Kentucky First Lady Jane Beshear is seeking original art and/or essays form public, private and home school students as part of a year-long series of events celebrating the 100th anniversary of the Kentucky Governor's Mansion, also known as "People's House." Rebecca Blessing of the Kentucky Department of Education joins us on Sound Good with the details.
A review of higher education budget issues has included a call for merging education administration and urging university presidents to become more politically vocal. The discussion occurred during a meeting of the state budget review committee.
State Council for Postsecondary Education President Bob King set the stage. He presented a number of graphs to committee members. One depicted steeply intersecting lines with increasing tuition costs and decreasing state funding support. King said since 2008 funding cuts per college student far outdistance reductions for children in kindergarten through high school.
Proposed federal food restrictions could change the makeup of the snacks available in Kentucky schools. It’s part of an ongoing effort to improve the eating habits of young people.
The new federal regulations are scheduled to go into effect about this time next year. The child nutrition program manager with the Kentucky Department of Education says they won’t result in monumental changes. But Sue Bartenfield adds some of the federal measures are more restrictive than current Kentucky law.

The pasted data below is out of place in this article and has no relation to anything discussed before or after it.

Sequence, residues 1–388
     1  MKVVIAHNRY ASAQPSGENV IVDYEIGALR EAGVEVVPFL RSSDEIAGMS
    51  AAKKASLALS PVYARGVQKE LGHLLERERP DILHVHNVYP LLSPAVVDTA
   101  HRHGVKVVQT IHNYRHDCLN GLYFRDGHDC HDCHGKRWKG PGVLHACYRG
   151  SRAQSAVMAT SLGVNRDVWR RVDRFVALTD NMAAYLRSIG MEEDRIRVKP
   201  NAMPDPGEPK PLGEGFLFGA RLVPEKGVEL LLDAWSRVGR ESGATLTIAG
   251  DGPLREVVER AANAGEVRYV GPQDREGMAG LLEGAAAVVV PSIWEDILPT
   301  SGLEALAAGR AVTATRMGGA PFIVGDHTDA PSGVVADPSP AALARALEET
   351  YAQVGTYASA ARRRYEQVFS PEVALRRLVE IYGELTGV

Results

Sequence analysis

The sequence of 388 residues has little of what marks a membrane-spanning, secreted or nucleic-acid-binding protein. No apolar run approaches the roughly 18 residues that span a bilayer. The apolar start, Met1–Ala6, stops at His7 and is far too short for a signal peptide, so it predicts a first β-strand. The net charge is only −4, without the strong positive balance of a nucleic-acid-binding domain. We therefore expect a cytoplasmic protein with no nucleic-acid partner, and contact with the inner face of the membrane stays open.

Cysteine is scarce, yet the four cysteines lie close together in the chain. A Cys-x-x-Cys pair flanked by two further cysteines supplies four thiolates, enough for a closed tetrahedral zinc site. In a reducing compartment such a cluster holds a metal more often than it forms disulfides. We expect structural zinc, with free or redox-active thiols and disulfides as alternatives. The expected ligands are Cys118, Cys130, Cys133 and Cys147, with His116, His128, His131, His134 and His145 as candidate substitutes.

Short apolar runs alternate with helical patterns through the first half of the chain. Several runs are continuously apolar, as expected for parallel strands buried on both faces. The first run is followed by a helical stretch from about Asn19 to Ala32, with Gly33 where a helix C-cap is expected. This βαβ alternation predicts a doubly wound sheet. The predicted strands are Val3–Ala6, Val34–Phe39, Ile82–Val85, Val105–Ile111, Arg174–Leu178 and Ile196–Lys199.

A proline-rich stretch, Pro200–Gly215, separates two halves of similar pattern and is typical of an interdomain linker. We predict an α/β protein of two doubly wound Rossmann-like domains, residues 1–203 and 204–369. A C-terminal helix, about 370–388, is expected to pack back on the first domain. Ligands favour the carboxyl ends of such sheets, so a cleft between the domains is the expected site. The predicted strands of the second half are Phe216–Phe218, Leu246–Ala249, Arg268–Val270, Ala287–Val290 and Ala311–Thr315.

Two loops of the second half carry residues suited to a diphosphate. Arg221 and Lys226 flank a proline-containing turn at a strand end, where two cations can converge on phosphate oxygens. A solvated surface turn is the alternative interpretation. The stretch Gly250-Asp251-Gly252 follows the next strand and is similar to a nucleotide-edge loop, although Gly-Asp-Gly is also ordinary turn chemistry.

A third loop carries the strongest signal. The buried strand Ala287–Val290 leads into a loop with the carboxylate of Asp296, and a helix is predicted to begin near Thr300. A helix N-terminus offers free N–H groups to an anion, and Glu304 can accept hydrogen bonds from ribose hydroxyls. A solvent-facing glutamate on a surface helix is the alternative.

Gateway Academy in Graves County recently celebrated the milestone of its 500th student to graduate. Established in 2002, Gateway is one of the region’s alternative high schools, along with Star Academy in Marshall County and Beacon Central High in Daviess County.
The Kentucky Department of Education says many midnight meetings planned at area school districts are unnecessary, and not placing them at the front of the line for a $10,000 grant.
The incentive for schools to raise their dropout age to 18 becomes law on June 25 and the first 96 schools to approve the measure receive the money. This has led to districts scheduling early morning meetings, but the Kentucky Department of Education’s Nancy
Kentucky has become the most recent state to see problems with the company that administers online exams in public schools and officials say the problem is of concern as more states move to online testing.
Since the beginning of this week, 25 Kentucky school districts have experienced slow or dropped connections to the online system, making it impossible to complete the ACT End of Course Exam.
The Kentucky Department of Education is planning to release data next month on the state’s alternative schools for the first time as they look to improve transparency and accountability for the population the schools serve.